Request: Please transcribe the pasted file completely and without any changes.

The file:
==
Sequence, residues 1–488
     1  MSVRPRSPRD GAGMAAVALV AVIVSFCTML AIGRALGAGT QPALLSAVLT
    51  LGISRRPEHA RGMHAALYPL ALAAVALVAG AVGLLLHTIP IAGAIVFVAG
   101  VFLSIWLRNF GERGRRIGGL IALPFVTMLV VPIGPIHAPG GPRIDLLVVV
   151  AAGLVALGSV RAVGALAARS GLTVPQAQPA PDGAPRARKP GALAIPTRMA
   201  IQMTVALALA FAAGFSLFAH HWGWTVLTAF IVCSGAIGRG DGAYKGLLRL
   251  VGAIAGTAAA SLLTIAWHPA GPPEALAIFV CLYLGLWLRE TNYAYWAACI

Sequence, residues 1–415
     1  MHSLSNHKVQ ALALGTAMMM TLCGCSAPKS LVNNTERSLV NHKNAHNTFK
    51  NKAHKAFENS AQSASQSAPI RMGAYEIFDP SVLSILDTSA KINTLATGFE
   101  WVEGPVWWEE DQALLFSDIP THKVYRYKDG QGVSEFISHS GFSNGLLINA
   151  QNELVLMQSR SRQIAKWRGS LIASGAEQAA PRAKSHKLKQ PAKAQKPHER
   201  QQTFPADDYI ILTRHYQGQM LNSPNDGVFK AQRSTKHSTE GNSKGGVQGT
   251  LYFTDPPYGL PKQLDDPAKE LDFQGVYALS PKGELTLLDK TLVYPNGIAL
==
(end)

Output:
Sequence, residues 1–488
     1  MSVRPRSPRD GAGMAAVALV AVIVSFCTML AIGRALGAGT QPALLSAVLT
    51  LGISRRPEHA RGMHAALYPL ALAAVALVAG AVGLLLHTIP IAGAIVFVAG
   101  VFLSIWLRNF GERGRRIGGL IALPFVTMLV VPIGPIHAPG GPRIDLLVVV
   151  AAGLVALGSV RAVGALAARS GLTVPQAQPA PDGAPRARKP GALAIPTRMA
   201  IQMTVALALA FAAGFSLFAH HWGWTVLTAF IVCSGAIGRG DGAYKGLLRL
   251  VGAIAGTAAA SLLTIAWHPA GPPEALAIFV CLYLGLWLRE TNYAYWAACI

Sequence, residues 1–415
     1  MHSLSNHKVQ ALALGTAMMM TLCGCSAPKS LVNNTERSLV NHKNAHNTFK
    51  NKAHKAFENS AQSASQSAPI RMGAYEIFDP SVLSILDTSA KINTLATGFE
   101  WVEGPVWWEE DQALLFSDIP THKVYRYKDG QGVSEFISHS GFSNGLLINA
   151  QNELVLMQSR SRQIAKWRGS LIASGAEQAA PRAKSHKLKQ PAKAQKPHER
   201  QQTFPADDYI ILTRHYQGQM LNSPNDGVFK AQRSTKHSTE GNSKGGVQGT
   251  LYFTDPPYGL PKQLDDPAKE LDFQGVYALS PKGELTLLDK TLVYPNGIAL